How To Care For Microfiber Towels
Microfiber towels are the most versatile tool in your home. Their tiny fibers are so fine that they can literally wipe the bacteria off a surface, leaving a spotless clean without using nasty antimicrobial chemicals that could be harmful to you, your children, and your pets.
They don’t even require any cleaning solutions — just wet them with water for tough stains or use them dry for delicate surfaces like stainless steel and glass for a streak-free shine. Best of all, they can be laundered up to 500 times, saving you hundreds of dollars on disposable paper towels every year.
How To Wash Microfiber At Home
The two big things to remember when washing microfiber are no heat and no fabric softeners. The heat of the dryer can curl or even destroy the microscopic fibers that make up the cloth, greatly lessening its effectiveness. And fabric softeners leave residue that makes the tiny fibers stick together, rendering them useless.
Wasl your microfiber towels in warm or hot water with mild detergent — about half of what you’d normally use for a similar-sized load of normal laundry. Don’t wash your microfiber with cotton — cotton produces a lot of lint that will cling to the microfiber and make it less effective.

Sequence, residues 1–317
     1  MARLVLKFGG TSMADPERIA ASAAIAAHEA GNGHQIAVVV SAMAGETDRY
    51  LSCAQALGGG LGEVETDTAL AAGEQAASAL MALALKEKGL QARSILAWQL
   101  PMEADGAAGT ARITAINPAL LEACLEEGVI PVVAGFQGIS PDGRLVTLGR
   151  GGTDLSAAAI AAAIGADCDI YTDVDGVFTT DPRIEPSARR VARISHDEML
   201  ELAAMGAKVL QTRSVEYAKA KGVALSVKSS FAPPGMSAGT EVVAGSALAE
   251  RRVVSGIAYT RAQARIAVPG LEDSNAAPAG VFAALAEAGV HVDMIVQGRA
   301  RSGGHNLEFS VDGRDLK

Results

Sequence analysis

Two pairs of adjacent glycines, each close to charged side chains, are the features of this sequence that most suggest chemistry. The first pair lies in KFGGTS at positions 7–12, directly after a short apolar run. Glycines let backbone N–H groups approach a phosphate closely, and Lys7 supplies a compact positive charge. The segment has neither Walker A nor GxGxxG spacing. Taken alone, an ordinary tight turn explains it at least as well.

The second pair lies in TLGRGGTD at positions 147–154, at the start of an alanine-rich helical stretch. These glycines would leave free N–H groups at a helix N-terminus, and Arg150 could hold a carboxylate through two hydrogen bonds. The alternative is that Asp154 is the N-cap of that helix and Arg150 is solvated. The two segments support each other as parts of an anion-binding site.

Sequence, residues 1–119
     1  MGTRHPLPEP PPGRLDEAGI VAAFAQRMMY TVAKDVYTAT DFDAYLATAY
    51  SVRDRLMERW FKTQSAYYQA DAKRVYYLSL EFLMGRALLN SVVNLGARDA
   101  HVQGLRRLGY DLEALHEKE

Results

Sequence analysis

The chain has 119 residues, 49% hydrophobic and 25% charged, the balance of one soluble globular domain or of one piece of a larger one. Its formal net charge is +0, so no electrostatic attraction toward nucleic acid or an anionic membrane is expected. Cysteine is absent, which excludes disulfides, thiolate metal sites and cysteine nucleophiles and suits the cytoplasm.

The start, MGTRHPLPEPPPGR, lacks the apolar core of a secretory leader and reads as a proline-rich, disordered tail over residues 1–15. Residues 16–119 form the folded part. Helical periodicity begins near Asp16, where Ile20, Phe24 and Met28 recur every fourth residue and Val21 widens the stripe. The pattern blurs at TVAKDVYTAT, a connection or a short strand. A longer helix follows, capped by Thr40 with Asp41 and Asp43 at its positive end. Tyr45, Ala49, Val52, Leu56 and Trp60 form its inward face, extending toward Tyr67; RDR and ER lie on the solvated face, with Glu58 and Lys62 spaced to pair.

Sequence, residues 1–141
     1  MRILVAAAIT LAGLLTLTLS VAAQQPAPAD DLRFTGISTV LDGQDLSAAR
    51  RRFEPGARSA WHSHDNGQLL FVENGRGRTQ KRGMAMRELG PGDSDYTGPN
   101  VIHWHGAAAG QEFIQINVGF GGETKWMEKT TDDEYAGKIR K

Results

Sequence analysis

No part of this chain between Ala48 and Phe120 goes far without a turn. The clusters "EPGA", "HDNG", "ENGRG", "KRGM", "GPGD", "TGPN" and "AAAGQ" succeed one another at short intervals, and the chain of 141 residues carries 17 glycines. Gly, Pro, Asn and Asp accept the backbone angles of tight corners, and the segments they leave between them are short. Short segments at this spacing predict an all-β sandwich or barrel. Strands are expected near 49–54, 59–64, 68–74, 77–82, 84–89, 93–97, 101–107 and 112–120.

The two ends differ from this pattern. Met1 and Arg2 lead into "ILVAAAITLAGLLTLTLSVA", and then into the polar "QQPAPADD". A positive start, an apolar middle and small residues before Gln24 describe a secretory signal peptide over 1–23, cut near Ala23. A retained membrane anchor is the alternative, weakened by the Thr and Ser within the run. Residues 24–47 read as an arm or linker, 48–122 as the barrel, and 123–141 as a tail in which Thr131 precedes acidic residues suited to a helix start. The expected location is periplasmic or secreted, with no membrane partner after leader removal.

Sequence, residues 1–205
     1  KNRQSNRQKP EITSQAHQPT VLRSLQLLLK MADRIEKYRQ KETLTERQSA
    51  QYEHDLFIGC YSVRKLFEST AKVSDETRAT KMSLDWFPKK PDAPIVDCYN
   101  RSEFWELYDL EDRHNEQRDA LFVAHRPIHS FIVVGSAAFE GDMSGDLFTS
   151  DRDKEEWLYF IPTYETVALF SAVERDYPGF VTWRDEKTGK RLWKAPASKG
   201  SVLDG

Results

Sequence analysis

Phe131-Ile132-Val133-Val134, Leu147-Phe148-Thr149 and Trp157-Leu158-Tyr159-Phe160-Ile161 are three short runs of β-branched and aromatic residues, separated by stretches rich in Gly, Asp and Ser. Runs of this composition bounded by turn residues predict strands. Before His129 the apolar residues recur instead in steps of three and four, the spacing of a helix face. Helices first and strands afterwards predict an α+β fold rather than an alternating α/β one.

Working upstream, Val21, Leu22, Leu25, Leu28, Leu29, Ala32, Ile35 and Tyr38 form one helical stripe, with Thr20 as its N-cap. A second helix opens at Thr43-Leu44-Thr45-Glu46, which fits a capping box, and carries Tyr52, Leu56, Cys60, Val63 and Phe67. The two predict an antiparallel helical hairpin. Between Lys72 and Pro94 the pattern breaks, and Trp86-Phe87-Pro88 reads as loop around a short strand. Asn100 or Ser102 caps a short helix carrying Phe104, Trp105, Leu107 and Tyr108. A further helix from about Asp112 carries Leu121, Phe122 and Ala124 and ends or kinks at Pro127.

Ideally, you’ll wash your microfiber towels, rags, dusters, and mop pads separately form other fabrics — that’s why it’s a good idea to buy a bundle of them so that you can save up until you have a full load to wash.
Washing Microfiber Commercially
If you’re using microfiber in your business (we recommend it), you’ll follow roughly the same rules. If the cloths you’re using are heavily soiled, use a high solvent detergent, not an alkaline one. Don’t use bleach or fabric softener though, they’ll shorten the lifespan of your cloths.
Air drying is the ideal way to treat microfiber wiping cloths, but if you don’t have the time or space to hang them up to dry, a dryer will do. Dry your cloths on low heat or no heat — they’ll dry quickly just by tumbling around, so you don’t have to worry about blasting them with heat.
If you’re using microfiber mop pads commercially, don’t dry them. Put the mop pads back in the bucket so they can re-saturate with water and whatever cleaning solution you might be using and be ready to use again.
And that’s it! Gentle washing, gentle drying, and you’ll get years of use out of your microfiber cloths — and get an easier, more effective clean along the way!